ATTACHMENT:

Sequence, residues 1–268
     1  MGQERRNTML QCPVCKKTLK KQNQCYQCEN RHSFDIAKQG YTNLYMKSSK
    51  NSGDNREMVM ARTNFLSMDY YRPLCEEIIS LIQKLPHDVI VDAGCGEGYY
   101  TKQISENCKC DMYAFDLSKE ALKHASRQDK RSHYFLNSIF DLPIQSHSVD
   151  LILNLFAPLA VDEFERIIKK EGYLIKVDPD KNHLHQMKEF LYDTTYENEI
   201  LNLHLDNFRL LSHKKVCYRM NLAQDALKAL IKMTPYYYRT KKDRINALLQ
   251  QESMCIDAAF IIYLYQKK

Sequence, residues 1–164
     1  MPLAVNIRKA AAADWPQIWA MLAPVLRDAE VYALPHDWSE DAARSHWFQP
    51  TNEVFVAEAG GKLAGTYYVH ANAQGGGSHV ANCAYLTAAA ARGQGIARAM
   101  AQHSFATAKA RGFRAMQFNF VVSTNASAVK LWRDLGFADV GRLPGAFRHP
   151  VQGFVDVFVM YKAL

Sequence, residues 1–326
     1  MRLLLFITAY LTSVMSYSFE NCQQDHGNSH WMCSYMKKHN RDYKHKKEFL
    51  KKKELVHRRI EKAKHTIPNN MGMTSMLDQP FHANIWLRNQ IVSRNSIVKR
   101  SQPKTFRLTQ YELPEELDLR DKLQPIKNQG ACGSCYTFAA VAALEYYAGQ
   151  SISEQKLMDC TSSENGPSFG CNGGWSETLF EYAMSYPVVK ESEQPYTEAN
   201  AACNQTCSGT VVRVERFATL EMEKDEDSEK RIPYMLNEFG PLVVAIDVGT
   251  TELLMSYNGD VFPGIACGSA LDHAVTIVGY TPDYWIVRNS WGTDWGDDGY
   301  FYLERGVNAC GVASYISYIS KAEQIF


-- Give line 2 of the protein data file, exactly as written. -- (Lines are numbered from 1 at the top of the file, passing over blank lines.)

     1  MGQERRNTML QCPVCKKTLK KQNQCYQCEN RHSFDIAKQG YTNLYMKSSK